Currently running on Facebook is a campaign lambasting the Comic Relief 'Red Nose' day because, they say: "(We) are annoyed and distressed at Comic Relief's decision to include David Cameron in the video to this year's charity single by One Direction. They then go on to list all of the atrocities committed by Cameron, aimed at sick and disabled people, and those on benefits or on a low income.
Firstly, let me make it clear that I agree wholeheartedly with this group's stance against Cameron and the present government. What the ConDems are doing to certain sections of our society beggars belief. I have, along with other disabled activists, been in the thick of the fight against them and will continue to take my place alongside those who challenge the government.
However, to boycott an organisation that is the very antithesis of Tory policy, just because of Cameron's appearance in the video is, in my humble opinion, not exactly constructive.
Many years ago, when Comic Relief, Children in Need et al first appeared on the scene, disabled activists throughout the country were appalled at the patronising crap which oozed from our TV screens. Not only did we boycott these appeals but we also tried to make sure that everyone knew why. We chained ourselves to the railings outside TV stations, we leafleted and a few intrepid souls even managed to gate-crash televised events to publicise our cause. "Piss on pity", "Rights not charity", "Nothing about us without us" were bold new statements way back then.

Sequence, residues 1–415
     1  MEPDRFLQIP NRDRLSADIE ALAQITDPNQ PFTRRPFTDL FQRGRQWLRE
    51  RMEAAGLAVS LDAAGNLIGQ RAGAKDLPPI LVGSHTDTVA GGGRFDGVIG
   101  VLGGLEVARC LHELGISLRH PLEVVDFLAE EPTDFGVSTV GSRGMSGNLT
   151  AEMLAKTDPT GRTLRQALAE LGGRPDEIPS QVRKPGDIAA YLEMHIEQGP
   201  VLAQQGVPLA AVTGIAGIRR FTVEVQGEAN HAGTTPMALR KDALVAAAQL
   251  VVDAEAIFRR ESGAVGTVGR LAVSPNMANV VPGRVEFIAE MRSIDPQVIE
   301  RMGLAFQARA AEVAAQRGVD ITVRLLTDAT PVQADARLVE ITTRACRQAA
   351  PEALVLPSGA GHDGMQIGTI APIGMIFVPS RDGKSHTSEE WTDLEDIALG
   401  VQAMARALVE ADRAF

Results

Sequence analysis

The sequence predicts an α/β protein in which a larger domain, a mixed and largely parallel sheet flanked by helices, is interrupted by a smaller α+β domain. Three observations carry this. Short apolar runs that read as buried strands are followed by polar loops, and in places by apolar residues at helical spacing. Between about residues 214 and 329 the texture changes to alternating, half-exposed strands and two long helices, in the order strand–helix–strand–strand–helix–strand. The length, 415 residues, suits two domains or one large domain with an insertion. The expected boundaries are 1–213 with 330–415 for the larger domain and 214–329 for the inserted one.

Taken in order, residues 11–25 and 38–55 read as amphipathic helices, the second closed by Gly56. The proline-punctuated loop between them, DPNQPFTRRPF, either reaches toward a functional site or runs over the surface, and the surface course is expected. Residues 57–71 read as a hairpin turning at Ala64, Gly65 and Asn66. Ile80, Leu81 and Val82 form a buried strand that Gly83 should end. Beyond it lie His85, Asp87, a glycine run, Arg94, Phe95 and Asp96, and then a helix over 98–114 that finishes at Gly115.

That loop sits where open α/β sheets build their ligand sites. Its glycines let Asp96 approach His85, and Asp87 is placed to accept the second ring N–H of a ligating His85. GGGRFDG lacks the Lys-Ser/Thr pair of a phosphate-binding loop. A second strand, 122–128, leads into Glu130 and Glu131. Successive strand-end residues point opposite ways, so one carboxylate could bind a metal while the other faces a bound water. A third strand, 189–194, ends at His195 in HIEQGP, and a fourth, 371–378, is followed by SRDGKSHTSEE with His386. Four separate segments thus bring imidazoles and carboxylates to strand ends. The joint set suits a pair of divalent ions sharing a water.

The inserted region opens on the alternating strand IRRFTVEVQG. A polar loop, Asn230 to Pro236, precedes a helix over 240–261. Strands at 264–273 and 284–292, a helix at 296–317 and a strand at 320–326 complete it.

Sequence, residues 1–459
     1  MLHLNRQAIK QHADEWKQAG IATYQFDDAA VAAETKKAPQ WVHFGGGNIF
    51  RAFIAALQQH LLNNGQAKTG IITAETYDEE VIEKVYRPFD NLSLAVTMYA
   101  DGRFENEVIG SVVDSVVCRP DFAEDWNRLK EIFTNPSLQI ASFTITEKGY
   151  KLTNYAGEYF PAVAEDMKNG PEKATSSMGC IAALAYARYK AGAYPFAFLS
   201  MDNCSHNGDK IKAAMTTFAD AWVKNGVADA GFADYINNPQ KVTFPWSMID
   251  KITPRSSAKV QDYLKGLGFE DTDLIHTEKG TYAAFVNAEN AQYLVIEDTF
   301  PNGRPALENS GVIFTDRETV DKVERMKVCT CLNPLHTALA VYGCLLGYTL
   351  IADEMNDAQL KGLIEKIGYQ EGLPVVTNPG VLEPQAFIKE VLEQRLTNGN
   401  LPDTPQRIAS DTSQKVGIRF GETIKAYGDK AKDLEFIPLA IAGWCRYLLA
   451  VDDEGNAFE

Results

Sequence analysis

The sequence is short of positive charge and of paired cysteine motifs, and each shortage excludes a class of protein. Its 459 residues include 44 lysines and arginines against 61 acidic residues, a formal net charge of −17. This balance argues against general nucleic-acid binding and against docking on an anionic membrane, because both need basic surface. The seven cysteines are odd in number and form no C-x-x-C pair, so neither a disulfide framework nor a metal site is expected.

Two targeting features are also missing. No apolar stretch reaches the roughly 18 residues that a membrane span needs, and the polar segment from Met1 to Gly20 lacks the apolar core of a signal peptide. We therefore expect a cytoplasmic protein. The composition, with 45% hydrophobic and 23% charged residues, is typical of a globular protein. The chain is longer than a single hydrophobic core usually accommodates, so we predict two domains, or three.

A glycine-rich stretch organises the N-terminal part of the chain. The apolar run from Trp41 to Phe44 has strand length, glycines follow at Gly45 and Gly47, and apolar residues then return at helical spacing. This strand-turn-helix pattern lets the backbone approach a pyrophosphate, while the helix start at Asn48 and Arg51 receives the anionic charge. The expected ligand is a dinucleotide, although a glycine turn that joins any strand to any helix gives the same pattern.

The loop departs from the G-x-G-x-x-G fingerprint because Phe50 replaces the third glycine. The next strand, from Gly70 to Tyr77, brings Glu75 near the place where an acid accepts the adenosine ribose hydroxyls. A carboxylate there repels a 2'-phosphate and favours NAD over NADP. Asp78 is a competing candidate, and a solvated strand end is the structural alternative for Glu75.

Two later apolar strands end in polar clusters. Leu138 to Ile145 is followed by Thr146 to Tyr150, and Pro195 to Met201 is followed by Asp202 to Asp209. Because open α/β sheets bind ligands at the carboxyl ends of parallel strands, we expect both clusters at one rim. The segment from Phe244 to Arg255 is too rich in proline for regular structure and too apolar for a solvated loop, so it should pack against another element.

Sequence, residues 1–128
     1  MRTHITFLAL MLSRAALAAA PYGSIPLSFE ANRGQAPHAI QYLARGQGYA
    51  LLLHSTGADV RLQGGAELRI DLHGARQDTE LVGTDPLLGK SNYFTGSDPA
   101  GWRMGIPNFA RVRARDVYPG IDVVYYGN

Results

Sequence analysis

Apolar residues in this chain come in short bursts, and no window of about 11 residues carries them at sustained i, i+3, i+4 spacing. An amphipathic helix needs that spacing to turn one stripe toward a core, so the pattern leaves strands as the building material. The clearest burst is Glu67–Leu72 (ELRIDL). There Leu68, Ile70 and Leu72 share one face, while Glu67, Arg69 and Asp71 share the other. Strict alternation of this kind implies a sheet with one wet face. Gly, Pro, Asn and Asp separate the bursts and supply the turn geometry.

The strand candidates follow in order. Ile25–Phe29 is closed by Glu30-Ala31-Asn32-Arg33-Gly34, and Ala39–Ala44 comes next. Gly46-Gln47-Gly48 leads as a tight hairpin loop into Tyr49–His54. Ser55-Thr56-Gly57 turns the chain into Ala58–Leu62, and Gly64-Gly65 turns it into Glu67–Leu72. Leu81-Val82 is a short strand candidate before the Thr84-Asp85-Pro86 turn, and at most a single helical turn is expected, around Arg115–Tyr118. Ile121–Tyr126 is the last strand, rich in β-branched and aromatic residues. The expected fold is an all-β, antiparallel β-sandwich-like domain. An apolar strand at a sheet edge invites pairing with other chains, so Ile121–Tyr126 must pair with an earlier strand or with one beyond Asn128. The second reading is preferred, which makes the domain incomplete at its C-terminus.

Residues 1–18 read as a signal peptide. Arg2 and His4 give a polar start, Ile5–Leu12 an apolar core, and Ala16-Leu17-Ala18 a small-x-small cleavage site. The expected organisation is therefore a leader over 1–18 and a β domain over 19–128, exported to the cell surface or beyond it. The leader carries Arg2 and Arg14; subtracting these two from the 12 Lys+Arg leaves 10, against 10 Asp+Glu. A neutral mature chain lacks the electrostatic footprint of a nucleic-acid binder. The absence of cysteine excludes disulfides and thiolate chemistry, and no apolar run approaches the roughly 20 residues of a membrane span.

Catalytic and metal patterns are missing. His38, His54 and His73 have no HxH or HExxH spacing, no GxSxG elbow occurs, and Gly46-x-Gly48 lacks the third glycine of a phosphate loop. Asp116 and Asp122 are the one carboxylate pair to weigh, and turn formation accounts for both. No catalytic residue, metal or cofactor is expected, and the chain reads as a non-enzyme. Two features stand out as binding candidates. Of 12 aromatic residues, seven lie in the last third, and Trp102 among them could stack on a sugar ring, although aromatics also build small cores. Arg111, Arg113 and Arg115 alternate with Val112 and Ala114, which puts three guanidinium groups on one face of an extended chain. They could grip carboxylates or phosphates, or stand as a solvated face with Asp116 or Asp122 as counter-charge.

We all know what Mr Wogan and his cronies did. They ignored us and have pretty much continued as if nothing had happened. Lenny Henry and the other, original Comic Relief organisers, however, started up a dialogue with us and asked what they were doing wrong. They listened when we explained and took our criticisms on the chin.
From this small step many of us began working with Comic Relief (arguably the ONLY such charity to have agreed to work with disabled people on our own terms). Some of the results have been the increased involvement of disabled people in the organisation, funding being directed towards organisations "of" rather than "for" disabled people and changing the "tragic but brave" stereotype that so damages our struggle for equality and full citizenship. (And it became an approach they've used with other groups they support, too.)
Those of us who are really long in the tooth will remember that landmark training resource "Altogether Better" which was so vital to disability equality/disability action training throughout the 1990s and beyond. Perhaps for the first time, it enabled Deaf and disabled people of all ages to tell our own story through the video clips and materials it brought together and it tackled some highly controversial issues head on. Who funded it? Well, Comic Relief actually.
So please guys, hammer Cameron and his cowboys as much as you can. I'm with you on that. But don't risk sabotaging probably the only organisation of this type which, in my opinion, has worked hard to take our issues on board and provided a level playing field for us all to operate together on.
Thanks for listening. Rant over (for now!).